External Affairs Minister calls for enhanced cooperation between UN and regional organisations to successfully address contemporary challenges.
As a global centre of gravity for its economic and demographic potential as well as security challenges, the Indo-Pacific region has fast emerged as the focal point of India’s engagement with its partners around the world – thereby ensuring the security and stability of the region’s maritime domain. This was once again validated earlier this week when India told the UN Security Council that its vision of the Indo-Pacific as a free, open and inclusive region is premised upon the centrality of ASEAN and the common pursuit of prosperity.
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“We think that enhanced cooperation between the UN and regional and sub-regional organisations will be an important factor in successfully addressing contemporary challenges and conflicts,” Indian External Affairs Minister Dr S Jaishankar told the UNSC, calling for coordinated action across borders to combat contemporary security challenges of terrorism, radicalisation and organised crime.
That statement has once again put the spotlight on India’s mainstreaming of the concept of the Indo-Pacific as a vast maritime space stretching from the western coast of North America to the eastern shores of Africa, encouraging and persuading others to perceive the region in its full extent.
“Indo-Pacific is a fairly recent addition to the geopolitical lexicon. It has come into prominence in the past decade. India has used it in joint statements with a series of partner countries, including but not limited to the United States, Australia, France, Indonesia, Japan, and of course the United Kingdom,” said Harsh Vardhan Shringla, India’s Foreign Secretary. “It figures in our meetings with our ASEAN friends and has helped advance the Quad consultations. That our Ministry has recently set up an Indo-Pacific Division as well as an Oceania Division, and placed them under the same Additional Secretary level officer, is a sign of India’s commitment to this critical geography,” he wrote in the Indian Express.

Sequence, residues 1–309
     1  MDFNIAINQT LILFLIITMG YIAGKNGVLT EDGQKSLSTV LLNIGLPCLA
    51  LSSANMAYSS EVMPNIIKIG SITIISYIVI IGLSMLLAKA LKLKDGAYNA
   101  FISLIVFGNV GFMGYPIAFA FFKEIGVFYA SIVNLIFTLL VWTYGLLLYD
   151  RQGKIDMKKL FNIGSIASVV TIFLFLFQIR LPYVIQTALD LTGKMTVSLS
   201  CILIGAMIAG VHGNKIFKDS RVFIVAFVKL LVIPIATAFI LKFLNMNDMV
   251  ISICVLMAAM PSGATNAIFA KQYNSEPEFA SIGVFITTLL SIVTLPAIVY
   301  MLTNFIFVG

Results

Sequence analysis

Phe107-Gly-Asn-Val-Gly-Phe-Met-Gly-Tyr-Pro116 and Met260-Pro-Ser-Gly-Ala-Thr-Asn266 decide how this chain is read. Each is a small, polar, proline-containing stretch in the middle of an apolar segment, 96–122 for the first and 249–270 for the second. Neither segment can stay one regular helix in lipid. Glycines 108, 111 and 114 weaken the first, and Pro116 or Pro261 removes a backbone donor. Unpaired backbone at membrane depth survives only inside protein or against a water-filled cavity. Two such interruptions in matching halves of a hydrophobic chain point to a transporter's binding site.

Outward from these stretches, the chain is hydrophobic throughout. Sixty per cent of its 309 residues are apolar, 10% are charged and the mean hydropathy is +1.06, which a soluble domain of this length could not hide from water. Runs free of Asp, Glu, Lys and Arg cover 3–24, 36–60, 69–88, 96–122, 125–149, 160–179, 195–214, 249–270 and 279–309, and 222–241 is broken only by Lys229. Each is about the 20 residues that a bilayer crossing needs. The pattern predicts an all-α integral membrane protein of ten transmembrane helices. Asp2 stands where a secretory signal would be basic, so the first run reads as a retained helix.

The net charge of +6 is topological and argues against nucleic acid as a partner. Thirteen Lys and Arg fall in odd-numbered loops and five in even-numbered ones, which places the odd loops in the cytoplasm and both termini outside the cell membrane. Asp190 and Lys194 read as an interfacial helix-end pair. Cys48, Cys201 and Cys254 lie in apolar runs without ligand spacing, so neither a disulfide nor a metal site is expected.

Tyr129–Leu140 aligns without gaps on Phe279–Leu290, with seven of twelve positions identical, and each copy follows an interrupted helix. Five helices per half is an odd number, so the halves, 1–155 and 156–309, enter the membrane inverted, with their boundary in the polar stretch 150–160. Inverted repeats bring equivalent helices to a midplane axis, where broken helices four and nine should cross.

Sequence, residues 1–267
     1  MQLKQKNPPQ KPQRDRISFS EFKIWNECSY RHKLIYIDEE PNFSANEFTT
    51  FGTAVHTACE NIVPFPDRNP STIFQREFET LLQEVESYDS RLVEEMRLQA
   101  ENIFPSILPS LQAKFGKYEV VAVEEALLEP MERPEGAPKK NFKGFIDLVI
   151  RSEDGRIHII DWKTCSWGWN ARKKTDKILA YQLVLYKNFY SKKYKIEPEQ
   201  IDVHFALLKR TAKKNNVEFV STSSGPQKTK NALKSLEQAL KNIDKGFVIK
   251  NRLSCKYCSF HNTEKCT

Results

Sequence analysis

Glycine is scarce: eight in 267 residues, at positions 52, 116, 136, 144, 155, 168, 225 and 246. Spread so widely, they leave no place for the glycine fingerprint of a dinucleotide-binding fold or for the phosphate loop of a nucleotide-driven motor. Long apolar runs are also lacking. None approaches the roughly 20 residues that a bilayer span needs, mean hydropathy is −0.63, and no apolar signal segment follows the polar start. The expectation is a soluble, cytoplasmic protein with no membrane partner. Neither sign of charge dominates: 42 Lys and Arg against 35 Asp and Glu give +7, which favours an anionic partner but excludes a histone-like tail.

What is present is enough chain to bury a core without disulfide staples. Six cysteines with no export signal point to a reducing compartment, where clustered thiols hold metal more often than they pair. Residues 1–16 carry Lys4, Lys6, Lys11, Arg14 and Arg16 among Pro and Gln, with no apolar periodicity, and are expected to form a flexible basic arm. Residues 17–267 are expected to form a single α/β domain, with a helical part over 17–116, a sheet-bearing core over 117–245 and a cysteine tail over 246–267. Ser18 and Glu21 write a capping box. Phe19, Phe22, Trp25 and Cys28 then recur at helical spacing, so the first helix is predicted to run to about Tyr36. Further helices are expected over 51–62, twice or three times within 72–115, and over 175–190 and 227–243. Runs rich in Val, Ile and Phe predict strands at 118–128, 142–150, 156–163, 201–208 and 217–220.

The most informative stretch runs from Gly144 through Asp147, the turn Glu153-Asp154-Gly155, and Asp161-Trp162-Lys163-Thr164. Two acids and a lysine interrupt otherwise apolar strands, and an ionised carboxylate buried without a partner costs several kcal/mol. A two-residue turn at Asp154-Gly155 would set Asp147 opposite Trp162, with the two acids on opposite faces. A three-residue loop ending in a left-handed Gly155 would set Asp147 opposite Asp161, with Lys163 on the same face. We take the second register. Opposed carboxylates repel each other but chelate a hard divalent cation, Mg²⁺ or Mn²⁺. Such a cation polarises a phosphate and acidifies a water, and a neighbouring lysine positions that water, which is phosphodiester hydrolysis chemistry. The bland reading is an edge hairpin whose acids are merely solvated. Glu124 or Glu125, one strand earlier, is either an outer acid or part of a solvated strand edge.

It is in this context that Dr Jaishankar’s address to the UNSC is critical. Addressing the UN Security Council open debate on 'Enhancing cooperation between the United Nations and regional and subregional organisations in enhancing confidence-building and dialogue in conflict prevention and resolution', the Indian External Affairs Minister said a rational evaluation of cooperation between the UN and the regional and sub-organisations during the last 75 years will "provide a good basis for our future engagements."
Highlighting that India has traditionally maintained close and friendly cooperation with regional organisations, Dr Jaishankar said India's relationship with the ASEAN is a key pillar of its foreign policy and the foundation of its Act East Policy. "India's vision of the Indo-Pacific as a free, open and inclusive region, underpinned by international law and a rules based order, is premised upon ASEAN centrality and the common pursuit of progress and prosperity,” he said.
A clear validation of the same came last month, when the four leaders of the Quad – comprising India, the US, Australia and Japan – held a virtual summit vowing to expand cooperation in a range of areas and resolving to work towards a free and open Indo-Pacific, amid China’s growing efforts to expand influence in the region.
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Dr Jaishankar also voiced India's commitment to further building on the momentum of regional cooperation under the framework of The Bay of Bengal Initiative for Multi-Sectoral Technical and Economic Cooperation (BIMSTEC) and make the organisation stronger, vibrant and more effective as well as result-oriented.
Indeed, India has been championing the Free and Open Indo-Pacific (FOIP) idea with a multitude of initiatives, such as forums like the Security and Growth for All in the Region (SAGAR) and the Indo-Pacific Oceans Initiative (IPOI). It engages with its Indo-Pacific partners either bilaterally, or on multilateral platforms, in a wide array of spheres including maritime security, Blue Economy, maritime connectivity, disaster management, and capacity building.
In April 2019, India set up an Indo-Pacific wing in the Ministry of External Affairs (MEA) – a division is meant to integrate under one Indo-Pacific umbrella, the Indian Ocean Rim Association (IORA), the Association for Southeast Asian Nations (ASEAN) region.
Noting that the world order built following the Second World War is under serious stress, Jaishankar said the nature of threats faced by member states when the United Nations was founded 75 years ago has also changed. "Contemporary security challenges are not limited to territorial or political disputes, but transcend physical or political boundaries," he said. "In today's globalised world, terrorism, radicalisation, drug trafficking and organised crime have a growing salience. The security implications of new technologies cannot be disregarded," he said, underscoring that in order to face such diverse challenges, “we need coordinated and concerted action across borders."